Last night we had a community BINGO night in our grassroots school in Munoz. A group of volunteers are here for the week so they helped put it on. At the end of the night as we were cleaning, they asked me about one young man they met during the night, letting me know that he spoke broken English and had said he was homeless. I asked our staff about him and no one had met him, which is rare, as everyone knows everyone in the community. So I spoke with him and it turns out that he is a street kid from Haiti who recently came over to the Dominican Republic, and truly is homeless. He said that he had received some schooling in Haiti, but his parents died and he ended up in the streets. I told him to come to school tomorrow afternoon at 1:30, and every afternoon. We decided the afternoon school was best for him after talking about the amount of schooling he had received previously. The volunteers got him some food. They asked if there was a shelter for him to stay at, and there is not any such thing in Puerto Plata, unless it is new and I haven't heard about it yet. However, he had found someone to let him stay in their house, at least for a few days. But I told them that we have a group home with two boys this same age in it, but we couldn't take him in right now. One, there is no space, and two, I don't know if he fights or steals or what so we wouldn't enter someone into the home upon an initial meeting. But we could watch him over time and see. He said his name is Lauren.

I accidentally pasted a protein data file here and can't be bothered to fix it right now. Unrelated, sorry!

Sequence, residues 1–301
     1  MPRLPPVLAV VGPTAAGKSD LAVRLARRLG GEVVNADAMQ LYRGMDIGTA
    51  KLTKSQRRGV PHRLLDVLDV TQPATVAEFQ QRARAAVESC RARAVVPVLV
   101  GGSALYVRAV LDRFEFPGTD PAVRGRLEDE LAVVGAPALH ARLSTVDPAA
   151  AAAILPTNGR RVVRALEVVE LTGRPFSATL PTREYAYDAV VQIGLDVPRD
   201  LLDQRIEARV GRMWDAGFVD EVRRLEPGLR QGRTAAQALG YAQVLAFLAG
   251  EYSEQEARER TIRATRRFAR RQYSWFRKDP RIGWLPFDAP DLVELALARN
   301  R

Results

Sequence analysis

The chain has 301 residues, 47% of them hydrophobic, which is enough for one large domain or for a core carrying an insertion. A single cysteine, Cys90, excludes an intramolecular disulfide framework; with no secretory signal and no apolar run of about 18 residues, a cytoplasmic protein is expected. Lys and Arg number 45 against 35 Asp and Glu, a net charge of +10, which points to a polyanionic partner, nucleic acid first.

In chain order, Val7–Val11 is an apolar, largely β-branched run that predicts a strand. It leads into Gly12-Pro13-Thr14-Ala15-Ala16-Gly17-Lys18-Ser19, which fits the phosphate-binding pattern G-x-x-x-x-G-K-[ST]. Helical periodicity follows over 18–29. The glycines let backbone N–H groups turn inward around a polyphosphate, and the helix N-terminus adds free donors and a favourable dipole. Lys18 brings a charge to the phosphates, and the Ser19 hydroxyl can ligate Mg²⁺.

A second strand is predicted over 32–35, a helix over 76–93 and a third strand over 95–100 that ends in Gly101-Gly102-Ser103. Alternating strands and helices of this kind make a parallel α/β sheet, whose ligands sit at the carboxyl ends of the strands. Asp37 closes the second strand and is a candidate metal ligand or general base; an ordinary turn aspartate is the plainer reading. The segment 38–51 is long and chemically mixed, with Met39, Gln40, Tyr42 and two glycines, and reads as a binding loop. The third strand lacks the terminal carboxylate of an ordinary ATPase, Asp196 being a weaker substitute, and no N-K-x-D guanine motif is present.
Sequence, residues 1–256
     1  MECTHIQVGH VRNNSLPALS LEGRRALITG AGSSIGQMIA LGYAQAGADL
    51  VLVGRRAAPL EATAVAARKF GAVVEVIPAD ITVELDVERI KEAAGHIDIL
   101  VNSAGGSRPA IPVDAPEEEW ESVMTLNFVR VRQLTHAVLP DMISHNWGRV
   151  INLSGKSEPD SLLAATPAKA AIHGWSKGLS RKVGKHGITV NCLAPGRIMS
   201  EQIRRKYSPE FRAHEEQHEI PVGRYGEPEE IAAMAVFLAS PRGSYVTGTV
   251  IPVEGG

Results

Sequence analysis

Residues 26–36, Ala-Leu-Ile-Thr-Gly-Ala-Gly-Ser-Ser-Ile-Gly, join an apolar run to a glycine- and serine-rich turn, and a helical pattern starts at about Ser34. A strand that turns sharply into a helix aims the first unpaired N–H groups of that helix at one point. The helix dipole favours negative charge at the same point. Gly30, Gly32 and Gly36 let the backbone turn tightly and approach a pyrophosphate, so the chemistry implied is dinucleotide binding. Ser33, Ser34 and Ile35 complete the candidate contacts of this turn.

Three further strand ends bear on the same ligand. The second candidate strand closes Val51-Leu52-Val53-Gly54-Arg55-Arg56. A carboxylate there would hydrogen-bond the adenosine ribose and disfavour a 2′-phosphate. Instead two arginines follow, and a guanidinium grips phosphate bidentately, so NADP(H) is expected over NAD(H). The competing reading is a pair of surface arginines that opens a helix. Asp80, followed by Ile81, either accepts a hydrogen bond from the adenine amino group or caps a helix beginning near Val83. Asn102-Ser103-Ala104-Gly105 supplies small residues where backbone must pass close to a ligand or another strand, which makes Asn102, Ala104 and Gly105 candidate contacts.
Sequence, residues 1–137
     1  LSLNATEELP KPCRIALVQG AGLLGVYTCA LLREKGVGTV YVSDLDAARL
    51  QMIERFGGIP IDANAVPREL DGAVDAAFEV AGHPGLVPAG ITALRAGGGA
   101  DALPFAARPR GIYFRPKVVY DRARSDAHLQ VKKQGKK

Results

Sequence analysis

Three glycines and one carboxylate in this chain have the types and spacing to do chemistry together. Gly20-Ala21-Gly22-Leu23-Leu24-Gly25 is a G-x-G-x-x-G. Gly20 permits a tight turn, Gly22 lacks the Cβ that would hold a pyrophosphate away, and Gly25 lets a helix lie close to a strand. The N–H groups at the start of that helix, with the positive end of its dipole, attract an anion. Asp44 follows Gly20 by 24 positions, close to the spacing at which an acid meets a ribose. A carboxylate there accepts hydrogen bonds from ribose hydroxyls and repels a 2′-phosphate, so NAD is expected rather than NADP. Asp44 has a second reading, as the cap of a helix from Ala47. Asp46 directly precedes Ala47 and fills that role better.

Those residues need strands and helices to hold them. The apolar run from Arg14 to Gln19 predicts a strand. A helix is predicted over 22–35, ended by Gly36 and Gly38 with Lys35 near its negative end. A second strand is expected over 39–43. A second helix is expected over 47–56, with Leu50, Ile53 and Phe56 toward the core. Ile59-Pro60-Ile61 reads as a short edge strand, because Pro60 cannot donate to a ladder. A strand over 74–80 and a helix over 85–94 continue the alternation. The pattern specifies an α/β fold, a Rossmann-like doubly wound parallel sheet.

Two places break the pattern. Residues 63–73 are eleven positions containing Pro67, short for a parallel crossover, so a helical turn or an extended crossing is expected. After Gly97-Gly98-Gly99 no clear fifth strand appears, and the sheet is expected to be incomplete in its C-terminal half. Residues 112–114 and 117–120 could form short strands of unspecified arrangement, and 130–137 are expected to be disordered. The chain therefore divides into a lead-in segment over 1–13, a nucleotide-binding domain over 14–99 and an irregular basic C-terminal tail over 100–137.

Thank you so much for your support! Little by little, we do what we can. And we couldn't do it without your support.

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Feb 10, 2014

Maranatha School Begins a New Chapter